League of United Latin American Citizens [LULAC] v. Perry embraced, in the context of partisan gerrymandering, Felix Frankfurter's conclusion that the Supreme Court should not enter the political thicket of legislative apportionment. Two years earlier in Vieth v. Jubelirer, the Court split 4-1-4 on the justiciability of partisan gerrymandering. O'Conner and the three conservatives held it was nonjusticiable. Each of the four moderate liberals offered a test showing it was justiciable. Kennedy dissented from the conservatives while simultaneously rejecting each of the four tests offered. He announced he was waiting for a better test. When far superior tests were offered in LULAC, he rejected them too.
The newly rejected tests were simplicity personified. Both hinged on the fact of mid-decade redistricting. One claimed that when a state engages in voluntary unnecessary redistricting, it bears the burden of justification. The other avoided justiciability altogether by reverting to the early "one person, one vote" cases. It claimed that a state was bound by Karcher v. Daggett to make a good faith effort to create districts as equal as possible. Because the Texas redistricting was mid-decade, the census data was outdated and therefore the Texas legislature could not know if its plan was equal, better, or worse than the one it replaced. Indifference could not constitute good faith.
LULAC not only offered a clear standard, it offered clean facts. A divided Texas legislature failed to adopt a new redistricting plan in 2001 so a federal court did. Then, with Republicans controlling both houses and the governor, the legislature replaced the court-ordered plan with one of its own in 2003 (on the third try after Democrats thwarted the first two by fleeing to Oklahoma and New Mexico respectively. Who says there is no learning curve for Democrats?). No one disputed that the goal of the mid-decade redistricting in Texas was to defeat all ten incumbent Anglo Democratic Congressmen and to add seven Republicans to the Texas delegation, which after the 2002 elections had a 17-15 Democratic edge even though no Democratic candidate had been elected statewide since 1996. (Additionally the plan shored up the district (District 23) of Hispanic Republican incumbent Henry Bonilla by removing 100,000 Hispanics (a group that overwhelmingly preferred his opponents in recent elections) and replacing them primarily with Anglos. Kennedy, for the majority, held this move to violate the Voting Rights Act. Kennedy, for a different majority, held that the destruction of Marvin Frost's Dallas district, where he had enjoyed huge African American support, did not violate the Voting Rights Act.)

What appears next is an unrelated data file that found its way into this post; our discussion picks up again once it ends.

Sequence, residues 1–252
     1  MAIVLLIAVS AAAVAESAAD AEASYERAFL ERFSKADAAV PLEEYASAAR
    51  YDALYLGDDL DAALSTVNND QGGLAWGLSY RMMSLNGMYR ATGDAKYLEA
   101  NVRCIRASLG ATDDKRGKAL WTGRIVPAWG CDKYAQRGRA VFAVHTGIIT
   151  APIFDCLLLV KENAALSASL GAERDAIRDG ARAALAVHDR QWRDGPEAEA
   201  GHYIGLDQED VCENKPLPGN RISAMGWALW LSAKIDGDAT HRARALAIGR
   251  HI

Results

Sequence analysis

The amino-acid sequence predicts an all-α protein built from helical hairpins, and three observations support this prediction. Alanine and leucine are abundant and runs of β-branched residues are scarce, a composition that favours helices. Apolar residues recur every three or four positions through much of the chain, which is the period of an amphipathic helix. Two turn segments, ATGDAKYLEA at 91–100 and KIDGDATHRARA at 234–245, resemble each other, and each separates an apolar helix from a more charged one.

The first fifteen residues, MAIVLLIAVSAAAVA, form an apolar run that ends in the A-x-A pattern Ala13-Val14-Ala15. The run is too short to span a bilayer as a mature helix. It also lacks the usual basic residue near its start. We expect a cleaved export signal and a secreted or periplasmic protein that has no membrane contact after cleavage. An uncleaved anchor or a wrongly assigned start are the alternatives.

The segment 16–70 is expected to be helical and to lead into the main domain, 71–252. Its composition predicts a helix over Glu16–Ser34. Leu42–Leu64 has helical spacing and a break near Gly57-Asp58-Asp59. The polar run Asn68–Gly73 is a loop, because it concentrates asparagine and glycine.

The 2003 plan, demanded by then Republican majority leader Tom DeLay, was a masterpiece that worked. Only three of the ten incumbent Anglo Democrats won reelection as Democrats-surprisingly one in a heavily Republican district-and the Texas delegation shifted to a 21-11 Republican majority. The results gave Republicans an added margin in their narrow majority in Congress. Furthermore, it is all but inconceivable that any Republican incumbent, except Bonilla, could lose in the new districts during the remaining three election cycles before the constitutionally mandated redistricting takes place. It will be necessary to change between four and six district lines to comply with the holding that District 23 violates the Voting Rights Act, but only Bonilla is at risk in this process.
Kennedy rejected the mid-decade trigger because it could not reach all partisan gerrymandering and because it could encourage partisan gerrymandering at the beginning of the decade. The best face that could be placed on the Republicans' plan was that it was tit-for-tat. Kennedy accepted the claim that a Democratically controlled Texas legislature in 1991 adopted a gerrymander that allowed Democrats to keep control of the Texas congressional delegation even as the party was losing control of state elections for the first time since Reconstruction. Democrats, Kennedy reasoned, had gerrymandered to keep a minority party in power; Republicans had gerrymandered in 2003 to give a majority party (a bit more than) its due. The mid-decade test would only allow the latter redistricting to be held unconstitutional. This Kennedy thought was peculiar.